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and ki is a nonnegative integer, for each i , 1 ≤ i m . If p = 2, we simply denote Hs (Ω) = W s,2 (Ω) and ║ ϕ s = ║ ϕ s,2 . And also in case that s = 0, we simply write ║ ϕ ║. We let Hs (Ω) = { u = ( u 1 , u 2 , · · · , um ) | ui Hs (Ω), 1 ≤ i m } with the norm
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and W = H ( div , Ω).
If ϕ ( x, t ) belongs to a Sobolev space equipped with a norm ║·║ X for each t , then we let
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In case that t 0 = T , we denote Lp (0, T : X ) and L (0, T : X ) by Lp ( X ) and L ( X ), respectively. Let Hq,∞ ( X ) = { ϕ ( x, t ) | ϕ ( x, t ), ϕt ( x, t ), · · · , ϕq ( x, t ) ∈ L ( X )} for a nonnegative integer q .
We consider the problem (1.1) with the coefficients satisfying the following assumption:
(A). There exist c , c , d , a , a , b , and b such that 0 < c < c ( x ) ≤ c , 0 < | d ( x )| ≤ d , 0 < a < a ( x ) ≤ a , and 0 < b < b ( x ) ≤ b , for all x ∈ Ω, where
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3. Finite element spaces
Before preceding the numerical scheme, we let h = { E 1 , E 2 , · · · , ENh } be a family of regular finite element subdivision of Ω. We let h denote the maximum of the diameters of the elements of h . If m = 2, then Ei is a triangle or a quadrilateral, and if m = 3, then Ei is a 3-simplex or 3-rectangle. Boundary elements are allowed to have a curvilinear edge (or a curved surface).
We denote by Vh × Wh the Raviart-Thomas-Nedlec space associated with h . For each triangle (or 3-simplex) element E h , we define Vh ( E ) = Pk ( E ), and Wh ( E ) = Pk ( E ) m ⊕ ( x 1 , x 2 , · · · , x m ) T Pk ( E ) where Pk ( E ) is the set of polynomials of total defree ≤ k difined on E . Now we define the finite element spaces
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And also in case that E is a rectangle (or a parallelogram), we adopt analogous modification to construct Vh and Wh .
Let Ph × h : V × W Vh × Wh denote the Raviart-Thomas [17] projection which satisfies
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Then, obviously, (∇ · w , v Phv ) = 0 holds for each v V and each w Wh and div h = Ph div is a function from W onto Vh . It is proved that the following approximation properties hold [17] :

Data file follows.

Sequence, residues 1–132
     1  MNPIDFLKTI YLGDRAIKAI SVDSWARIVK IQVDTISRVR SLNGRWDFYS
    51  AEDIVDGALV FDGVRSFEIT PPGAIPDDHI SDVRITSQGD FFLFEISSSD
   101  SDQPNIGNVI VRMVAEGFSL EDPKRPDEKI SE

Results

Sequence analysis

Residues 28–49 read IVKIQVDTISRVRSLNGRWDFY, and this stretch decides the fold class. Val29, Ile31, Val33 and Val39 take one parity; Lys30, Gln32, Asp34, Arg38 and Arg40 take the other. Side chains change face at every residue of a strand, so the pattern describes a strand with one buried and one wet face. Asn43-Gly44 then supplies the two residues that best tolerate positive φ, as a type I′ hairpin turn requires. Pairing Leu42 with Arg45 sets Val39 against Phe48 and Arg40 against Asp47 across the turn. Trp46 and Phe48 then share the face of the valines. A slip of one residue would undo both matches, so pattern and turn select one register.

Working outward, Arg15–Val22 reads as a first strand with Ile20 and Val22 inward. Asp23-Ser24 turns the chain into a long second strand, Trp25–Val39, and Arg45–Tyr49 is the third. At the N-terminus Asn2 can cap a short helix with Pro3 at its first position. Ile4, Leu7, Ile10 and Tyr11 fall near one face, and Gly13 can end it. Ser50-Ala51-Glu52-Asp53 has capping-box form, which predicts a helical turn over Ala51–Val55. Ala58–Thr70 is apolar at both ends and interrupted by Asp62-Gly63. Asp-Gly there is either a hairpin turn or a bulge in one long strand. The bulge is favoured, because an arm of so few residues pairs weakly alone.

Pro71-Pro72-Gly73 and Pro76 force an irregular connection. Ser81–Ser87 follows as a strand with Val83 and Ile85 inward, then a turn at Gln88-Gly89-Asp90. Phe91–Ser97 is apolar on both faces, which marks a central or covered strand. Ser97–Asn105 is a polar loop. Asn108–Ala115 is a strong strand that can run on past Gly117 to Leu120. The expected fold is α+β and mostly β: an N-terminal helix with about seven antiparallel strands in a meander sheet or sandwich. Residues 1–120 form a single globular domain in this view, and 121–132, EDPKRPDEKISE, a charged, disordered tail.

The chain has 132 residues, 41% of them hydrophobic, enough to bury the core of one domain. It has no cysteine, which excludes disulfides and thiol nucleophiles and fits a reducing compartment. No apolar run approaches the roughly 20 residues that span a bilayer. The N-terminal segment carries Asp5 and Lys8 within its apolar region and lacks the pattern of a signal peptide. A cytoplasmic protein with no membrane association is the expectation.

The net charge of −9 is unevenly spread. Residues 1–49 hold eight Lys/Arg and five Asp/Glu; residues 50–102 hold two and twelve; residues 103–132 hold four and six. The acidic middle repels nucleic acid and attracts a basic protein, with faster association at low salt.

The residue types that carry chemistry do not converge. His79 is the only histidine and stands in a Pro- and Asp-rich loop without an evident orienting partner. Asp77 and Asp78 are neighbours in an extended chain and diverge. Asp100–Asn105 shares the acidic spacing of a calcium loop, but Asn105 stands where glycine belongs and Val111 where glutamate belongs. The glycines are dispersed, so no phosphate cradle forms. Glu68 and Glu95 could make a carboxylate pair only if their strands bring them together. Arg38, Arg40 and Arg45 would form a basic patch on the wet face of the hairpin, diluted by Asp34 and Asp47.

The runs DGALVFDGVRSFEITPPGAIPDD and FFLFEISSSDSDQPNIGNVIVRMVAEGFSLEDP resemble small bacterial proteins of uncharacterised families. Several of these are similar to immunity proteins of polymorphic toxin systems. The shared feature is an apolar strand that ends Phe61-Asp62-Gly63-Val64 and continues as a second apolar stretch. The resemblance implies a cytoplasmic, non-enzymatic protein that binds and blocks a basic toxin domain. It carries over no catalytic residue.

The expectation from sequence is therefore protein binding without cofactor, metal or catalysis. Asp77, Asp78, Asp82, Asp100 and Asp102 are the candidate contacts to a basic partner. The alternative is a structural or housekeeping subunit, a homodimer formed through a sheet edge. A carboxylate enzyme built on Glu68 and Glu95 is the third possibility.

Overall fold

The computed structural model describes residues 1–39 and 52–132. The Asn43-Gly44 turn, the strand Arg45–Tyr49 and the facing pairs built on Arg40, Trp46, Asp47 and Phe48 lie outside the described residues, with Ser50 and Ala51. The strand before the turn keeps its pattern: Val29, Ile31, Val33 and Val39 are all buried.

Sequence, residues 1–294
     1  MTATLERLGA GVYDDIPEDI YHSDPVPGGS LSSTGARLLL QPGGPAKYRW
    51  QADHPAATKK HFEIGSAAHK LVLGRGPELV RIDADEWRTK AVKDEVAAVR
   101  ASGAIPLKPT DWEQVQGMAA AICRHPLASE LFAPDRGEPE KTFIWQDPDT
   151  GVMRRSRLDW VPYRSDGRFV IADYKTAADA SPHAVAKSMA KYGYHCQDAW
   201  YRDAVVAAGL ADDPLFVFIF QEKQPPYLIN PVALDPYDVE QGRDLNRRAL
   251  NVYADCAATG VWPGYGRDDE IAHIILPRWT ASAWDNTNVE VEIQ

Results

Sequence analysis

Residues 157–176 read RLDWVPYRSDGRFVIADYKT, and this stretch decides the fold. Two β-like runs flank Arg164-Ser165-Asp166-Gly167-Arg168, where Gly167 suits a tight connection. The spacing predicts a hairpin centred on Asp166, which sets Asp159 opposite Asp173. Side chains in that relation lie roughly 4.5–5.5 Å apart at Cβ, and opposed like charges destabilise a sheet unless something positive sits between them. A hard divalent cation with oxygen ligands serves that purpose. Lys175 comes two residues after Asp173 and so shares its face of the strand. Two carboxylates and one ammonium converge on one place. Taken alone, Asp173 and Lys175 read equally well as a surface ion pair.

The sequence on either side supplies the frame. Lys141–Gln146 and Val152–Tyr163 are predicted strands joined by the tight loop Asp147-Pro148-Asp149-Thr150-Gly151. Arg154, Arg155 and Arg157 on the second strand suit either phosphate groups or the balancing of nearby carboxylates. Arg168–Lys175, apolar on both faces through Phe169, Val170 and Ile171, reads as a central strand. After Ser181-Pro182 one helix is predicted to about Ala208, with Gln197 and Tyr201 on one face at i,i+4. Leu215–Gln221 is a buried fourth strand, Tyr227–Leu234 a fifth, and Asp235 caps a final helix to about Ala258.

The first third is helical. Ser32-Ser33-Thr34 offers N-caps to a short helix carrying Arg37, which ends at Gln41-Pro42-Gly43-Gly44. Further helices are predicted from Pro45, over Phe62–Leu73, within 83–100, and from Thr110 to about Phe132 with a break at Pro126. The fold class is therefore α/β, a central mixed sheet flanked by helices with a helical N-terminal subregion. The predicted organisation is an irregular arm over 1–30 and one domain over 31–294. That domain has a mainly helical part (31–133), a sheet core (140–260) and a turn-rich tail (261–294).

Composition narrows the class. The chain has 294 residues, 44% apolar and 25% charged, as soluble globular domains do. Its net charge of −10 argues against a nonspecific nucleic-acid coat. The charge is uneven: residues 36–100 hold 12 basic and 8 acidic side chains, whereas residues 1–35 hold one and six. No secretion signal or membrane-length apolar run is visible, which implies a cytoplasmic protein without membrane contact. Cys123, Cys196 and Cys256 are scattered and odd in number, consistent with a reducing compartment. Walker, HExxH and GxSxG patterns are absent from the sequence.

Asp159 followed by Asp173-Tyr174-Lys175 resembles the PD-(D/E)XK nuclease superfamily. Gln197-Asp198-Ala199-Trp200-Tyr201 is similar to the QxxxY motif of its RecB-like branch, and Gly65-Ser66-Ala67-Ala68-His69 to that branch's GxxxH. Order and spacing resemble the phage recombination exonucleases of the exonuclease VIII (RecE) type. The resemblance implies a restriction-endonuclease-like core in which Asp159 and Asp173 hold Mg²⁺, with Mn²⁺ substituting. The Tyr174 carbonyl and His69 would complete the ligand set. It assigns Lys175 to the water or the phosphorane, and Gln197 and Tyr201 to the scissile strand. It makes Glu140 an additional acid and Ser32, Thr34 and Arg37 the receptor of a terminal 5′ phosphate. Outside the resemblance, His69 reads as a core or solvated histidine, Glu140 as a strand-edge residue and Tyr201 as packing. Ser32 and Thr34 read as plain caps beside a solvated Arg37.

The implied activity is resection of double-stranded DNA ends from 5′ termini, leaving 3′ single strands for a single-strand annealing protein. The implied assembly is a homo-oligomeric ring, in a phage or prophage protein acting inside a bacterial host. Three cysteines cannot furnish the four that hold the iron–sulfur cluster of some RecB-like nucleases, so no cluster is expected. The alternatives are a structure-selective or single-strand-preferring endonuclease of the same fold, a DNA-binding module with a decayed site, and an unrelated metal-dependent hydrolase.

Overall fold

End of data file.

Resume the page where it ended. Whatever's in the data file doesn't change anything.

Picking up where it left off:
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4. OptimalL2error analysis
Let
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and ν = ν ( x, t ) be the unit vector in the direction of ( d ( x ), c ( x )). Then, we have
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Hence the problem (1.1) can be written in the form
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By introducing the flux term σ = −( a ( x )∇ ut + b ( x )∇ u ), the problem (4.1) can be rewritten as follows:
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For a positive integer N , let Δ t = T/N and tn = n Δ t , n = 0, 1, · · · , N . Choosing t = tn in (4.2) and discretizing it with respect to t by applying the backward Euler method along ν -characteristic tangent at ( x, tn ), we get
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where
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. Therefore we have
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where
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Now let ã ( x ) = a ( x ) + b ( x )△ t . By multiplying the first equation of (4.3) by
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and the second equation by
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, we have the equivalent system of equations
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For ( v, τ ) ∈ V × W , we define a least-squares functional J ( v, τ ) as follows
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Then the least-squares minimization problem is to find s solution ( un , σn ) ∈ V × W such that
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If we define the bilinear form A on ( V × W ) 2 by
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then the weak formulation of the minimization problem becomes as follows: find ( un , σn ) ∈ V × W such that
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Based on (4.6), we derive the following least-squares characteristic MFEM scheme: find
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Vh × Wh satisfying
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Lemma 4.1. For ( v, τ ) ∈ V × W , we have
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Proof . From the definition of the bilinear form (4.5), we have
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Letting vh = 0 in (4.7) and applying the definition of the bilinear form A , we have
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which implies that
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Since
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, we have
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Letting τh = 0 in (4.7) and applying the definition of the bilinear form A , we have